Ultrahigh solar-driven atmospheric water production enabled by scalable rapid-cycling water harvester with vertically aligned nanocomposite sorbent†
Freshwater scarcity is a globally significant challenge threatening the development of human society. Sorption-based atmospheric water harvesting offers an appealing way to solve this challenge by extracting clean water from the air. However, the weak ability of sorbents to capture water from dry air and the low water productivity of devices are two long-standing bottlenecks for realizing efficient atmospheric water harvesting. Here, we report a vertically aligned nanocomposite sorbent, LiCl@rGO–SA, by confining lithium chloride (LiCl) in a reduced graphene oxide (rGO) and sodium alginate (SA) matrix. The sorbent shows high water uptake, as high as thrice its weight, by integrating the chemisorption of LiCl, deliquescence of monohydrate LiCl·H2O, and absorption of LiCl aqueous solution. Moreover, LiCl@rGO–SA exhibits fast sorption–desorption kinetics enabled by the vertically aligned and hierarchical pores of the rGO–SA matrix as water vapor transfer channels. We further engineered a scalable solar-driven rapid-cycling continuous atmospheric water harvester with synergetic heat and mass transfer enhancement. The water harvester using LiCl@rGO–SA realized eight continuous water capture-collection cycles per day and ultrahigh water productivity up to 2120 mLwater kgsorbent−1 day−1 from dry air without any other energy consumption. Our demonstration of the high-performance nanocomposite sorbent and scalable atmospheric water harvester offers a low-cost and promising strategy for efficiently extracting water from the air.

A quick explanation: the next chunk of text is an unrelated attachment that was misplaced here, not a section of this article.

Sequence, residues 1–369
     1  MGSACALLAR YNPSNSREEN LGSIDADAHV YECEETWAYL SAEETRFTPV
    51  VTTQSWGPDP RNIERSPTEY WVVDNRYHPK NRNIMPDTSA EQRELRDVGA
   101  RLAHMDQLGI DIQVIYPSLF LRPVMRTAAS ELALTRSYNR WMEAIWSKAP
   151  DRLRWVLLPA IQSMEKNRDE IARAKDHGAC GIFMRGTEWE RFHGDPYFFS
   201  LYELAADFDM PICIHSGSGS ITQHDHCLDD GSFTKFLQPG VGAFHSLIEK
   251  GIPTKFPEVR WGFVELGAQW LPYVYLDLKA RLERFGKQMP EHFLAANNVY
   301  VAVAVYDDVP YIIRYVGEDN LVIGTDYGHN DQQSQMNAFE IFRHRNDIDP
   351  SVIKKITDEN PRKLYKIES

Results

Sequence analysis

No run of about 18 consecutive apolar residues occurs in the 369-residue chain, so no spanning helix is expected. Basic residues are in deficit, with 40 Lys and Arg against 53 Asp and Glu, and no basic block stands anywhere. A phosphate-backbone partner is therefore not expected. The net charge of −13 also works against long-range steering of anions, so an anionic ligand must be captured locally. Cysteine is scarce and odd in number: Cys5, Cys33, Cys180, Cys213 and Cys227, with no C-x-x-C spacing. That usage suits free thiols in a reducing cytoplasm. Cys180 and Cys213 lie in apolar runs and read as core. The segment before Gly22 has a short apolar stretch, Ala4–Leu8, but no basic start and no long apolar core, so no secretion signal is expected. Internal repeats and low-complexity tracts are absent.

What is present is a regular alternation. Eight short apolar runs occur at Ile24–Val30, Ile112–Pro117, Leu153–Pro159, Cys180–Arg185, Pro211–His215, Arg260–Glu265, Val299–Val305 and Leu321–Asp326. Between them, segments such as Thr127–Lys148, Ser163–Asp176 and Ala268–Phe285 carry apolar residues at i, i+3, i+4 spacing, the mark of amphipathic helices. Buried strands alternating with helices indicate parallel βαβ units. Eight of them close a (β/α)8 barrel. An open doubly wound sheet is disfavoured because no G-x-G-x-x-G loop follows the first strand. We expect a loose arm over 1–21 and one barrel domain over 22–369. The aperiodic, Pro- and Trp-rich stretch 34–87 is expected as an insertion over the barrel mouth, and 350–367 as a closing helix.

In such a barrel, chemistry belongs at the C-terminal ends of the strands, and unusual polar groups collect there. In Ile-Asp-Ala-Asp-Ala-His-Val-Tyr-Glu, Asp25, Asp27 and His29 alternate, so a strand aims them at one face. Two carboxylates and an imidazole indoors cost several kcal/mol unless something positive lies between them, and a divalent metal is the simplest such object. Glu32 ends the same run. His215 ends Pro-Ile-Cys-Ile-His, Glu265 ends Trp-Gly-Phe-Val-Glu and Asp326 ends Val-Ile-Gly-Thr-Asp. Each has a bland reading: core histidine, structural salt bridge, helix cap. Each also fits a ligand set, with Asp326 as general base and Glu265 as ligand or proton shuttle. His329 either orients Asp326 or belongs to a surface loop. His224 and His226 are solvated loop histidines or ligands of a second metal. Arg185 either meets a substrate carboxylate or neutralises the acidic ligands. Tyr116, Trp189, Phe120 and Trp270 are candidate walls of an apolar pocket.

- This article is part of the themed collection: Recent Open Access Articles